Postville Herald from Postville, Iowa on March 6, 1946 · Page 7
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Postville Herald from Postville, Iowa · Page 7

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Postville, Iowa
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Wednesday, March 6, 1946
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Page 7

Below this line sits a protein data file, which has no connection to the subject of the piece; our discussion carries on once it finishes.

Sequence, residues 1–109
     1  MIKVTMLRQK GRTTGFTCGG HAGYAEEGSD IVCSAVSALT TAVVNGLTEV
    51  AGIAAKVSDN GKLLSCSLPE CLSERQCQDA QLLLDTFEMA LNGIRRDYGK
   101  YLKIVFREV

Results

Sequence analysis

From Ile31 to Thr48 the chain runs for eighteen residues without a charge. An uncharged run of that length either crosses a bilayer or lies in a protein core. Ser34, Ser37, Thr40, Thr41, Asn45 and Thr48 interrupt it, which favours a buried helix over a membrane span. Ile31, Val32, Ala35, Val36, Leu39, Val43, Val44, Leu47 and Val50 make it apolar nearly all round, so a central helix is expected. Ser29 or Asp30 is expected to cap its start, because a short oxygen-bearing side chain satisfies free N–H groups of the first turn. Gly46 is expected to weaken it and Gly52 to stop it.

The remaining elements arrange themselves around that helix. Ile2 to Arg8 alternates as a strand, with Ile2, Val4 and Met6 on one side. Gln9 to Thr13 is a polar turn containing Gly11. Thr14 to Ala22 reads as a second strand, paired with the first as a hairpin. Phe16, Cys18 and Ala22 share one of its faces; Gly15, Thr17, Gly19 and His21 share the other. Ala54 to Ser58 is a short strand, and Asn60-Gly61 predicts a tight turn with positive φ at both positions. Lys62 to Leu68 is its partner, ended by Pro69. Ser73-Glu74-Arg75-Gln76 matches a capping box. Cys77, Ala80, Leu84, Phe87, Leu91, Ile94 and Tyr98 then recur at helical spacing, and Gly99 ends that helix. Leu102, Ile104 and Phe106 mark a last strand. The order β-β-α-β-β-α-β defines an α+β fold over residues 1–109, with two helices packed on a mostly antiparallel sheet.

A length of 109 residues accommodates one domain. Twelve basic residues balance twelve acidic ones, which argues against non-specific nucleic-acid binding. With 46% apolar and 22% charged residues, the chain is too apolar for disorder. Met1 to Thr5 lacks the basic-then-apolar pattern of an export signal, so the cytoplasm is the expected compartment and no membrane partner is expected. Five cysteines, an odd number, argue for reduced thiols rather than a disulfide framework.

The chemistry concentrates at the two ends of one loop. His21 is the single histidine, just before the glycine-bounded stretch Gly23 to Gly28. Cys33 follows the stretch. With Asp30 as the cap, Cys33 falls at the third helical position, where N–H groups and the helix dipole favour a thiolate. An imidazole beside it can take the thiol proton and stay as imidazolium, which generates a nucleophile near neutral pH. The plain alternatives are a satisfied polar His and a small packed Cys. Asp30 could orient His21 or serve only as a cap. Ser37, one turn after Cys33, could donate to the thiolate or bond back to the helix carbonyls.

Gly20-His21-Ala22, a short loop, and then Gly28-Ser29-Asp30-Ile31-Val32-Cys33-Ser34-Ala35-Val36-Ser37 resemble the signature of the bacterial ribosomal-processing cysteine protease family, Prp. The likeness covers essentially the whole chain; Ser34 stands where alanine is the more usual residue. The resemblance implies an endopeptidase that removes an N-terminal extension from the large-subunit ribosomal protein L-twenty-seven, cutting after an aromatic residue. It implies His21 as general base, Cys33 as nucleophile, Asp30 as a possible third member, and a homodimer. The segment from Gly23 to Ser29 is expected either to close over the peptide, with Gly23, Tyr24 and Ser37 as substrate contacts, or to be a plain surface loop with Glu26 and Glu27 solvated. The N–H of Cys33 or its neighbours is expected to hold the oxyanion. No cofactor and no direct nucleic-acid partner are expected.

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WEDNESDAY, MAKCH I, 1»M. THE POSTVILLE HERALD, POSTVILLE. IOWA, PAGE SEVEN. Corn Yields Are Larger When Lands Are Plowed For the Hersld's Homemskers by Iowa Slate College Home Economists [80 Per Cent Flour May— MAKE A BETTER BREAD Chance your thoughts from white to ecru, add a nutty flavor, add more vitamins—especially thiamine—and you'll have a preview ot the new M per cent flour. No need for buyer panic over the flour change, soys Iown State ColleRe nutritionists. The new flour will not be different enough to make changes lin baking procedures, and the product Twill be just as good, if not better nutritionally. The flour we're used to on today's market is 72-percent flour, meaning [thiil percentage of the weight of the cleaned wheat is made Into white (lour. In the new flour, 80 percent of [the wheat will be used. This means WM. C. BAKKUM CHIROPRACTOR In FostvlMc Mondays, Wednesdays and Saturdays JOSEPH B. STEELE ATTORNEV-AT-LAW Office Over Abcrncthy's Store Telephone No. 240 DR. H. D. COLE Dentist Office Over Citisens State Bank Dr. F. W. KIESAU, M.D. Dr. M. F. KIESAU, M. D. Office Over Louis Sehutte's Hours—Dally 9 to 12 and 1 to 5 Wed. and Sat.—7 to 8 :30 p. m. in Its natural state it will be richer in vitamins and protein than ordinary white flour in its natural condition. Now if the bread made from the new 80-pcrcent flour is enriched the same as today's bread has been, the new product will be every bit as good for us and perhaps better. Hoarding flour supplies, say the nutritionists, is an unwise practice. It's unwise not only because there's a great need for cereals to meet world shortage, but also because flour is likely to spoil when stored for too long a period in the home. If kept at usual room temperatures, it's likely to become infested with weevils. And the refrigerator's no place for flour because flour takes up moisture. As to the use of the 80-percent flour, there'll be no change in recipes, the nutritionists add. This bread dough with its additional protein—glutenin— need not rise as long as the bread of 72-percent flour. And it will be a stickier dough to work with. The baked loaf will not turn out quite as light. But it will be just as tempting and nutritious. The new flour will be u challenge to the woman proud of her oven products. Cakes, for instance, won't quite reach the standard of light velvet texture she once boasted. But nutritionally, they too will be better products with 80-per cent flour. The new flour program, too, calls for conservation. Save every bit of bread possible. If bread becomes stale heating it to a high temperature will give it the characteristics of fresh bread-providing the bread is still moist. Another way to save bread—eat an extra potato occasionally instead of the second slice of bread. A small potato is equal in food value to a slice of bread, plus the added advantage of some vitamin C. Plows aren't going to take a back seat In Iowa for a few years, judging by the' results of experimental work conducted to date. Although cost of seedbed preparation can be lowered and erosion losses cut when soil is prepared for planting with such Implements as the lister, subsurface tiller and disk rather than with a plow, the yield of corn usually Is lower also. This Is' the conclusion of G. M. Browning, Soil Conservation Service research worker stationed at Iowa State College. He has reported experimental work done at the Agricultural Engineering Experimental Farm near Ames since 1939 and at the Soil Conservation Experimental Farm in Page County since 1942. Soil Condition. Condition of the soil was' found to be an important factor in the results obtained with different tillage tools On well managed,, naturally well- drained soils relatively small differences in yield occurred In 1944 and 1945. Under these conditions corn on plowed ground yielded 76 bushels; listed, 73 bushels; subsurface tilled, 70 bushels; and disked, 69 bushels. Poorly managed or poorly drained soils, on the other hand, showed much wider differences in yield, and throughout the growing season shoWed signs of not getting enough nitrogen and potash. Applications of- fertilizer only partially overcame the deficen- cies. Lister Saves Soil. Biggest argument in favor of switching from the plow is the saving of soil. Heaviest erosion losses occurred on plowed ground and the least on listed fields. Listed fields lost only 14 percent as much soil as those plowed and only half as much as those subsurface tilled. For preparing heavy sods for piant- Damage to Stock of Corn Is Now Facing Farmers Heavy damage from spoilage of high moisture corn is again facing northern Iowa farmers this year, reports C. K. Shedd, grain storage specialist at Iowa State College. Shedd, who is working with the United States Department of Agriculture, says that moisture tests on 34 farms in Hardin and Wright Counties show that little of that corn can get through the warm spring months without damage from spoilage. The corn tested was on farms of men who planned to keep their supply for spring and summer feeding. Of the cribs tested, 21 were in Hardin County and 13 in Wright County. Only one of the cribs contained corn that tested below 20 percent mois ture. Others tested as high as 29 percent. Shedd warned that because of the extreme shortage of available feed unoeusTanDinQ IOUJO CUILDPvCn sionsoMD w TMC torn CHILD WUfBM MStMCN IWTlOn BABY'S RATTLE. A baby, whose second tooth was coming through, bit hard upon a very harmless looking rattle. She caught her first tooth on the edge where the two halves were glued together and pulled until the rattle came apart. The small inside rattlers fell all around ... ,„„ „„„,,,,» her and she was putting these into her g u a "£ ?V ear( LI mouth when her mother came into the should be done to handle high moisture corn so that it has a chance of drying out when warm weather comes. The farmer, he says, should take immediate steps to have corn samples tested to determine the condition of his crop. Only that corn which tests under 20 percent can be considered safe, if we have normal spring weather. Corn that tests 20 to 25 percent is in danger of spoilage unless there is extremely favorable drying weather in March, while corn above 25 percent is almost certain to spoil regardless of March weather conditions. Moving the corn, Shedd says, is one ot the most profitable steps that can be taken. Moving the corn from one crib to another will loosen the corn and permit better air circulation. That job should be done now. As the corn is moved, all loose husks, silks and shelled corn should be removed. A good deal of the shelled corn and chaff can be sorted out by in. the plow was the^nly ^^{^^^ST^ scoop rauneT^n found to be completely satisfactory, i "^"^ * The other tools all required too much time and labor to get the ground In shape for planting. From the standpoint of time and powe r required to get other than heavy sods In shape, listing was the most economical; subsurface tillage next, followed by disking; and plowing was the least economical. MEDIUM SIZED HOG WILL BE BEST TYPE TO RAISE Future "king" of Iowa swine will be the "intermediate" type hog. In the opinion of E. L. Quaife, Iowa State College swine specialist, the type need not be too much different from the kind of hog farmers have been raising for the past few years. This intermediate hog is the one farmers need, packers want and the homemaker will demand. It's a good- doing type of animal that should be well enough finished at a weight from 200 to 230 pounds to top the market. At that weight the hog should measure about 42 inches from ears to tail. He'll Dr. C. M. Morgan VETERINARIAN Office Opposite Post Office Telephone No. 146-J LOUIS SCHUTTE WILLARD SCHUTTE Funeral Directors and Embalmers Cut Flowers For All Occasions PLAN A WINDOW GARDEN FOR FLOWERS IN SPRING BURLING & PALAS ATTORNEYS-AT-LAW Office Over PostvlUe State Bank | J. W. MYERS, M.D. Office Over Luhman A Sanders Telephones: Office 1U-W Residence 1U-X Dr. R. F. Schneider VETERINARIAN Phone No. liq. PostvlUe, Iowa Day and Night Calls Answered I Office In The Iris Theatre Building it I Monona and Poatville Rendering Service We Par Wp To— $2.50 For Hone*, and Cow* Permit 45 For Prompt Service Telephone POSTVILLE LOOKER' SERVICE Telephone JNo. W ' Almost any house lends itself well to window boxes—brimming with flowers in the summer, bristling with evergreen branches in the winter, Make your window boxes now, says L. C. Grove, extension horticulturist at Iowa State College. Then they'll be ready for early planting in the spring, Measure windows carefully before beginning work on your boxes, box three feet six inches long will fit an average single window. Make the box eight inches high and about ten inches wide. Drill '/6-inch holes, six inches apart, in the bottom. Brackets to support the box can be cut to fit around the window sill. Cypress is long-lasting, inexpensive wood, though other woods free from knotholes will prove satisfactory, Paint the boxes to match the house—or to contrast if can be done without giving a "spotty' effect. Before mounting the boxes and filling them with dirt, place pieces of broken pottery over the bottom holes, The porous pottery allqws drainage, but keeps dirt from seeping through When choosing flowers for your box> cs, remember the background color of your house. Generally, boxes should overflow with contrasting colors. Per haps the finest of all window box flow ers are petunias, because they blossom nil season and provide variety in color and form. The balcony type petunias, which produce trailing, vinelike stems, make graceful festoons. Tall nasturtiums are hardy, colorful window box subjects, too, as are mignonette, 10-weeks' stocks and dwarf snapdragons, But use your own ingenuity when choosing flowers for your window garden, for you'll And that your boxes will make a happy home for almost any — J - 'catalog, If In your spring sewing campaign; your machine starts puckering the seams, check the tensions or check the needle. Either may be at fault. One or both tensions may be too tight or, the needle may be dull, Both dlffieul U«s<aj*'easily remediedrV^l; X : ~.*m with a grain scoop. If elevators are used, they should include screens so the loose material can fall out. If possible, an air blast should be directed on the moving grain to blow out the husks and silks. All soft or moldy ears should be sorted out as the corn is moved. And the corn should bo placed in a crib that has permanent or temporary ventilation installed. Because of the immediate need for corn now, Shedd says any farmer who will not need his crop for his own feeding probably should consider selling that which Is too high in moisture to keep. Dealers can handle this corn now during cold weather. room. This baby had a drawer full of charming baby toys which mother's friends had given her. A surprising number of these were unsuitable. • There was a pink man whose legs and arms consisted of flat, sharp edged discs strung together loosely so they would rattle. He was a cunning man and rattled entertainingly. But the baby could not play with him because she bit hard on those discs and cut her gums. She had another similar toy with arms and legs made of oblong beads instead of discs. These smooth beads were less dangerous for biting. But after a few good tugs with her stout little fist,, the string broke and the beads could be swallowed at leisure. This baby also had a nice large cuddly bunny, ideal in size for small arms to hold. But the belt on the bunny's cute dress was fastened with two tiny pearl buttons. Now any active seven months old child will work at buttons until they either bite or twist them off. Then into the mouth go the buttons. A baby at six or seven months has surprising strength. And after two teeth come through the child can chew up toys that are not well made. In these days when good materials are scarce, extra care in selection of a baby's toys is important. Look for durability and smooth surfaces. Remove all small parts which can be pulled loose and swallowed. the gas cocks as a way to cure him of the habit? Sounds wacky, doesn't it? Bob's mother did this very thing and It worked. She satisfied the young investigator's curiosity by calling him to turn on the gas for her. She even called him from his play to help her. She always called him pleasantly and called so many times that he soon lost all interest in turning on the gas. She had no further trouble. Now why did she not settle Bob with a good spanking and have it over with? This is a dangerous business, playing with the gas stove. Would not a quick solution of the problem be better than this long drawn out procedure? Would it not place less strain on both Bob' and his mother? A quick solution by punishment is better than continuous nagging. But it seldom is better than good teaching. Bob is wide awake and wants to learn. Unless the danger is too great, it seems too bad to repress his interest in finding out about the world around him. Bob can achieve his best learning under his mother's protection. It is unfortunate if she is too busy to supervise his experiments. Bob does not learn much that is constructive through punishment. He does learn one thing, however, through punishment. It is that a live interest in learning does not pay. This, too, is unfortunate. Herald Want Ads bring results! THE OLD GAS STOVE WORRY. What would you do if your child were fascinated by the gas stove? Would you encourage him to turn on SALSBURY SAL 'A BABY CHICK HOLDS 'ICH REGARD 7RWED WATER, LOOK AT ALL THE BEHEflTS THIS HEW MEVICIHE HAS BROUGHT HER' DR SALSBURVS REN-O-SAL promote) taster growth and provides protection against cecal coccidiosis In tablet form, it's eaiy to use in any dunking water fountain, even metal Dr. Salsbury's REN-O-SAL Stimulates Growth Four-County Hatchery Phone No. 23* PostvlUe. Iowa APPEARANCE DIFFERENT IN GOOD, POOR CHICKS I While a farmer must depend upon his hatchery to give him chicks with good breeding background, he can check the health and vigor of the purchase himself. Robert Penquite, Iowa State College I u * _ . ,„ • v. -J J ,., poultryman, says alertness, inquisitive- be from 11 to 12 inches w.de and 14 1 a „ ^ Q£ I to 15 inches deep back of shoulders. | ncBUh in V hicks . Chlck * that a re | drowsy and inactive should be guarded against. Proper development is important, too, Penquite says. A strong vigorous chick in good condition has a firm body, a fairly short, broad, deep head and alert, prominent and beady eyes. The back of this kind of a chick will be fairly long, broad and well developed. And the shanks and feet will be large, well proportioned and smooth in texture. All good chicks have big feet. Penquite says to be on the lookout for chicks with pasty vents and sticky down, which indicates poor condition. The down of a well-hatched chick is clean and fluffy. Weak chicks are soft, with a poorly Farmers who have had experience raising this type of hog like the big litters and the way the intermediate sow or gilt can take care of her pigs. In the fecdlot, the pigs put on fast gains, combining growth with finish. They do a better job than either the short, chubby type or the extra big hogs raised after the last war. For the packer, the payoff comes in the coolers where the carcasses from the intermediate type are the kind they can handle. There isn't too much fat to be trimmed for the lard vat. Because of the expected lower demand for lard, packers want to avoid a surplus. These carcasses also make top cuts of pork, and that's important to' the SPECIAL RATION HAS ADVANTAGES The advantages of a special ration for sows and pigs are threefold: 1. It increases the sow's milk. 2. By supplementing the sow's milk it assures the maximum rate of growth and gain in the nursing pigs. 3. It enables the sows to maintain their weight. BIG GAIN PIG AND SOW RATION is especially made to abundantly provide the many proteins, vitamins, minerals and energy foods so essential to the vigorous health and gain of both sows and pigs. For best results with sows and pigs ASK FOR BIG GAIN PIG AND SOW RATION CHAS. TATRO, Castalia VERN HUPFER, Gunder Store, PostvlUe L. F. PUTNAM, PostvlUe farmer who wants to see pork keep its proporUoned body and a weak, thin place in the retail meat trade, Quaife points- out the further development of this intermediate hog will require the cooperation of farmers,- packers and purebred breeders. ELECTRIC CLOCK SHOWS WHEN CURRENT IS OFF I am i imperfectly healed navels, and narrow head. The back will be short, the shanks shrunken and transparent; and the chick will show improper bone development. The farmer should watch, too, for deformities such as crooked legs and toes, crooked beaks, deformed backs JINXED BY "D." Clocks are usuall thought of as "time-tellers." But the electric clock has become instead a "tattle-teller." The Reinbeck high school basketball Its bright red dot shows forth every team, better known as the "Reinbeck time the electric current has been act- R am s," have had a very successful ing up. season. However, it seems that teams When the small red disk appears on f rom towns beginning with the letter the face of the clock, it's an immediate "D"—Dike, Dinsdale and Dysart, have indication that the current is off. And proven to be their downfall. All three for the family depending on electricity teams have defeated the Rams in to keep food frozen,'to heat the brood- basketball games, er house, to cool milk, to water stock, it's a timely warning. If the lights are not on when the current fails, there's usually no other immediate way of checking on the current. With its constant vigil over the | electricity thq electric clock has justified its' place in the farm and city I home. It's a good buy, according to | Iowa State College home economists. NEATNESS--A Good Habit Neatness is not a gift—it's a habit. And, a good one to acquire for the care of apparel. Use our dry cleaning service regularly. Our Prices—Cleaned, Pressed, Delivered Men's Suits 80c Ladies' Suits 80c Men's Hats 60c Ladies' Dresses (Plain) .80c Waterloo Laundry Co. M. C. ALSIN, PostvlUe, Iowa" Local Phone No. 5-J seeds In the Today's Best Buy—Herald Want Ad Dance WHITE SPRINGS BALLROOM v McGregor, Iowa Sat., March 9 RAY ALTO and his Cowboy Serenaders A good time for everybody! We outer |o. weddlnf and shower dances; also private partes. [ Ann • ii t.t . v\ C»U •» w«e v Allamakee Rendering Worka| Call 555 Po.tville ALL DEAD ANIMALS LARGE OB SMALL We Pay Cash and Meet FREE DANCE WHITE SPRINGS BALLROOM McGregor, Iowa WEDNESDAY, MAR. 13 Be sure to attend this big FREE farewell dance given by Mr. and Mrs. Earl Wood, former owners of White Springs Ballroom, in appreciation of your patronage. ' Music By ——'• • MISSISSIPPI NIGHT-HAWKS EVERYBODY WELCOME Be Sure To Attend This Big Dance! — MR. AND MRS EARL WOOD,